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South Florida Sun-Sentinel
Poll: More Hispanics Identifying Selves As Political Independents
August 21, 2003
WASHINGTON - The Hispanic vote is up for grabs as more members of the nation's largest minority group identify themselves as political independents, according to a new survey released Wednesday by The Latino Coalition, a business-oriented advocacy group.
The survey showed that a plurality of Hispanics - 40 percent - identify as Democrats and 20 percent say they are Republicans. But while the Republican numbers have held steady since the group's 2001 survey, the Democratic numbers are down from 55 percent two years ago. Independents have almost doubled in the same time span - to 19 percent.
The poll of 1,000 Hispanic adults across the country had a margin of error of plus or minus 3.1 percent and was conducted Aug. 11-16. The Latino Coalition is made up of business leaders and tends to favor Republican policies such as reforming Social Security by allowing private savings accounts.
"You're seeing a community that politically is up for grabs," said Robert de Posada, president of The Latino Coalition.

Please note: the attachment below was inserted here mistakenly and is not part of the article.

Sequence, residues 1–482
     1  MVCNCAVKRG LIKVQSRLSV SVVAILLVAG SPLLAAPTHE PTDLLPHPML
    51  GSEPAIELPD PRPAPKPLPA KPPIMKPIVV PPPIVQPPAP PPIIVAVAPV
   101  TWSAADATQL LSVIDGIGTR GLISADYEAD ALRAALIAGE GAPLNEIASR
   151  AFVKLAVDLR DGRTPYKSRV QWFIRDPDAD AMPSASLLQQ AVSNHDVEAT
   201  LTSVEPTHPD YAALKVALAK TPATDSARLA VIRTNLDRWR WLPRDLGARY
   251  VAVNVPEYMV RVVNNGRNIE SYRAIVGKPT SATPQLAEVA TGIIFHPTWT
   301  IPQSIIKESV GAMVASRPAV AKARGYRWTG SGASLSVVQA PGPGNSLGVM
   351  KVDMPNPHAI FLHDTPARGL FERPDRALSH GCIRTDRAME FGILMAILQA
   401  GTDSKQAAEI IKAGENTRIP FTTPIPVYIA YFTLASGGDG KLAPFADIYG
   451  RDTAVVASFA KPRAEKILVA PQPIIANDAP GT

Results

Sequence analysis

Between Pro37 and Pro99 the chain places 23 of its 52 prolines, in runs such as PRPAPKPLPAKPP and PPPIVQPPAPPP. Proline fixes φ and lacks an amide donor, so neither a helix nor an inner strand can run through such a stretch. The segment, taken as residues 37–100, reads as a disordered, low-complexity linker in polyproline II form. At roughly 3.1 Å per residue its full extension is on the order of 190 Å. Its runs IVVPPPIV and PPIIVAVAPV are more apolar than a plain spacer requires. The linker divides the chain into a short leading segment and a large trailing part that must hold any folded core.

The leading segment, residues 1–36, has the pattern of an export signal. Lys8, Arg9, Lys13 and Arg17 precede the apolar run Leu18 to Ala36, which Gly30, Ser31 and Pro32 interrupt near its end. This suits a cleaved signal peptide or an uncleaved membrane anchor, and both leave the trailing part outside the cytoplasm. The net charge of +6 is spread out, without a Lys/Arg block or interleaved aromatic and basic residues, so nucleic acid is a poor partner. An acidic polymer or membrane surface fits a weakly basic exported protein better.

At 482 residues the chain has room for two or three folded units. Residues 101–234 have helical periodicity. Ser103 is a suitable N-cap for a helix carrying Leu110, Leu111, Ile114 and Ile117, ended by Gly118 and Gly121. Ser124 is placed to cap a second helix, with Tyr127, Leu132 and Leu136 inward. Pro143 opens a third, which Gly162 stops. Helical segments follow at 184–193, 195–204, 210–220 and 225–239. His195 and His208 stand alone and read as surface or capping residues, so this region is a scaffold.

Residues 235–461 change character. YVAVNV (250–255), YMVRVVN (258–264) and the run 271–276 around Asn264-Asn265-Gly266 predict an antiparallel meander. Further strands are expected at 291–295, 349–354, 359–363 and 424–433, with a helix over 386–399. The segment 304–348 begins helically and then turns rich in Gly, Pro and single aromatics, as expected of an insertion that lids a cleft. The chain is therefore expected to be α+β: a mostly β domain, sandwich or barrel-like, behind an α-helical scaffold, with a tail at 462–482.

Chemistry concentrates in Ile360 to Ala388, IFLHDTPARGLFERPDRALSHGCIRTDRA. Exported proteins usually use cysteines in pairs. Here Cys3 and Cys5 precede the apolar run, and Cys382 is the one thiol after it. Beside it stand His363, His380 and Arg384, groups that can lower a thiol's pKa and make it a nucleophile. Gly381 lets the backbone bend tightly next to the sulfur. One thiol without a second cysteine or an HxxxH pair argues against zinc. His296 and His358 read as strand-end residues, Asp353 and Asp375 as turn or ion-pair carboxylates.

President Bush, who got 30-35 percent of the Hispanic vote in 2000, still enjoys strong support in the community. The survey showed 31 percent of Hispanics supporting Bush against a Democrat.
But de Posada cautioned that immigration issues could cause trouble for the president and Republicans in Congress. A full 87 percent of Hispanics support normalizing the status of illegal immigrants who have no criminal records.
Bush has come under fire from some Hispanics for his inability to work out an accord with Mexican President Vicente Fox to legalize millions of undocumented Mexican workers in this country. Many Hispanics also have been upset by the government's treatment of immigrants since the Sept. 11, 2001, attacks.
"There is a litmus test on this issue right now, and I think the Republicans need to start looking at this issue," de Posada said.
While they represent a tiny subsample of the survey, only 46 percent of the 33 Cuban-Americans interviewed had a favorable rating of Bush. Thirty-nine percent held an unfavorable rating of the president, who in 2000 got 80 percent of the Cuban-American vote. If the tiny sample is accurate, it probably represents the backlash in Miami against the Bush administration for returning several groups of Cuban migrants to the island recently and for not being tough enough on Fidel Castro.
Another Republican candidate did not fare as well as Bush. In California's recall election, movie star Arnold Schwarzenegger got only 24 percent of the state's vote in a one-on-one race with his Democratic rival, Lt. Gov. Cruz Bustamante, who got 58 percent.